Emmys Set Another Nominations Record For Diverse Performers

By Anthony D'Alessandro, Amanda N'Duka

Atlanta Robbin' Season
FX Networks

The Television Academy continues to break glass ceilings and with this year’s Emmy nominations has set a new record in recognizing the work of performers from diverse backgrounds. Last year counted 27 diversity nominees in the acting categories across drama, comedy and limited series/movie, and this year that figure shoots up to a record 36. If you count reality TV hosts, that number moves up to a cool 38 versus 30 nominees last July.

The explosion of streaming and the further dominance of cable have created an abundance of opportunities for performers on television in ways that they did not three decades ago with content limited to the Big Four networks and cable in its infancy.

Some notable achievements today:

BBC America

Sandra Oh became the first Asian nominated in the lead actress drama series category, scoring her sixth acting Emmy nomination and her first in the lead actress slot for playing a burgeoning I-5 operative who is tailing a brutal European assassin in BBC America’s Killing Eve. Her previous five noms were for her supporting turn as Cristina Yang on ABC’s Grey’s Anatomy. 

Donald Glover counts five noms today, raising his career nom total to nine. Last year he won best actor in a comedy series for Atlanta and he became the first black man to win an Emmy for directing a comedy series. This year, he is nominated for a second time in lead actor comedy for Atlanta, as well as directing, writing and executive producing the FX series. He was also nominated as a guest actor in a comedy series for his hosting duties on Saturday Night Live, in which he played his Solo role Lando Calrissian presiding over the first black summit for all galactic people (only four people showed up in the sketch).

Sterling K. Brown made history at last year’s ceremony becoming the first black man in close to 20 years to win an Emmy in the lead actor drama category for This Is Us. Not only is Brown up again in the category for the NBC drama series, but he’s also been recognized for his guest actor comedy turn as Philip Davidson in Brooklyn Nine-Nine. His reaction on social:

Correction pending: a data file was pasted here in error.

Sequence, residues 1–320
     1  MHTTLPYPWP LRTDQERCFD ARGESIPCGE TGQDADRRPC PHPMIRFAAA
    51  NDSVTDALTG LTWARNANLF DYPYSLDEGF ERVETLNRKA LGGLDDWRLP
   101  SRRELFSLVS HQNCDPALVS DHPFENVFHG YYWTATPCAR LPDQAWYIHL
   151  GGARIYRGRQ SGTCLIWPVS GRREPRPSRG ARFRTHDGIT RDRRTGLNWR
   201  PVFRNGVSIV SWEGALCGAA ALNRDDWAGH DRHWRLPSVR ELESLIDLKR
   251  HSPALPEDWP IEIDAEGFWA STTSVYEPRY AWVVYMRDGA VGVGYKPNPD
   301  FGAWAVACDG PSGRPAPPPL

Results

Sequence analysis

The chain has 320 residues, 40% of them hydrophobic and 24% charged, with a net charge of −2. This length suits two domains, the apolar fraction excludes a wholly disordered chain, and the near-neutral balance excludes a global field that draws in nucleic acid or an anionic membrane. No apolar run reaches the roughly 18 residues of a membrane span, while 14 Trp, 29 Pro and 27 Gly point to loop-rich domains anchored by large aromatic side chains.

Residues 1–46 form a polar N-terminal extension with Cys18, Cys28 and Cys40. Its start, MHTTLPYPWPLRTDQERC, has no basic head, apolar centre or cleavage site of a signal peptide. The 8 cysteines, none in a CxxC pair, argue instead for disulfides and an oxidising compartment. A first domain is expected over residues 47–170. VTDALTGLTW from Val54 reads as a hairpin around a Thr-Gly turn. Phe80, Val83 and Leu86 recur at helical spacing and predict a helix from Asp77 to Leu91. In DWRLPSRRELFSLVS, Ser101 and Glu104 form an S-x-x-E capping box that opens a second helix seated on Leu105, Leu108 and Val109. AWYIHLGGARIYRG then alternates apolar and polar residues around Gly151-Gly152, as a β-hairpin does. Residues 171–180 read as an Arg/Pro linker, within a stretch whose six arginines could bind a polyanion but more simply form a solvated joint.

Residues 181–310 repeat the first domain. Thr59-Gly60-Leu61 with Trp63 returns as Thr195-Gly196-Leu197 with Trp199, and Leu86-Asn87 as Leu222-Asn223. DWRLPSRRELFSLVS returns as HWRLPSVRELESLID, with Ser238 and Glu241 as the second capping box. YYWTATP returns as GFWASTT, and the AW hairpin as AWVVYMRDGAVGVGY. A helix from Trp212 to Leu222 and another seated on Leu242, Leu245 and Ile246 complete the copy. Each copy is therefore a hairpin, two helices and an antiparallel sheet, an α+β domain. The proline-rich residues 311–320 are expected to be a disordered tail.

After being on Saturday Night Live for 15 years, Kenan Thompson finally relished his first best supporting comedy actor nomination for his array of personalities on the late-night NBC variety show. Technically it’s his second Emmy nom for his work on SNL: He was nominated last year in the original music and lyrics slot for co-penning the song “Last Christmas” in an episode hosted by Casey Affleck.

Another first today: Girls Trip superstar Tiffany Haddish landed her first Emmy nom, in the guest actress comedy category for hosting SNL. Ditto for Black Panther star Letitia Wright, who was honored for playing Nish on Black Mirror in the supporting actress limited series slot.

With her guest drama actress turn as Ophelia Harkness in How to Get Away With Murder landing a third Emmy nomination for the ABC series today, Cicely Tyson now counts 14 career Emmy noms. A win would be nice this year considering the last time she won was her first time out of the gate, in 1974 for CBS’ The Autobiography of Miss Jane Pittman, for which she won the lead actress drama trophy and a special award for playing the title role in a series about a black woman who is born into slavery and becomes part of the Civil Rights 1960s movement.

This year’s 38 diversity Emmy nominees also include Jeffrey Wright for Westworld (lead actor, drama), Issa Rae for Insecure (lead actress comedy), Tracee Ellis Ross for black-ish (lead actress comedy), Anthony Anderson for black-ish (lead actor comedy), Regina King for Seven Seconds (lead actress limited series/movie), Darren Criss for The Assassination of Gianni Versace (lead actor limited series), Antonio Banderas for Genius: Picasso (lead actor limited series/movie), John Legend for Jesus Christ Superstar (lead actor limited series/movie), Thandie Newton for Westworld (supporting actress drama series), Zazie Beetz for Atlanta (supporting actress comedy series), Leslie Jones for SNL (supporting actress comedy series), Tituss Burgess for Unbrekable Kimmy Schmidt (supporting actor comedy), Brian Tyree Henry for Atlanta (supporting actor comedy), Penelope Cruz for The Assassination of Gianni Versace (supporting actress limited series), Adina Porter for American Horror Story: Cult (supporting actress limited series), Letitia Wright for Black Mirror (supporting actress limited series), Brandon Victor Dixon for Jesus Christ Superstar (supporting actor limited series/movie), John Leguizamo for Waco (supporting actor limited series), Ricky Martin for The Assassination of Gianni Versace (supporting actor limited series), Edgar Ramirez for The Assassination of Gianni Versace (supporting actor limited series),  Viola Davis for Scandal (guest actress drama), Kelly Jenrette for The Handmaid’s Tale (guest actress drama), Samira Wiley for The Handmaid’s Tale (guest actress drama), Ron Cephas Jones for This Is Us (guest actor drama), Maya Rudolph for The Good Place (guest comedy actress), Wanda Sykes for black-ish (guest comedy actress), Lin-Manuel Miranda for Curb Your Enthusiasm (guest actor comedy), Katt Williams for Atlanta (guest actor comedy), W. Kamau Bell for United Shades of America With W. Kamau Bell (host reality or reality competition) and RuPaul for RuPaul’s Drag Race (host reality or reality competition),

This article was printed from https://deadline.com/2018/07/sterling-k-brown-donald-glover-tiffany-haddish-diversity-emmy-nominations-new-record-1202425235/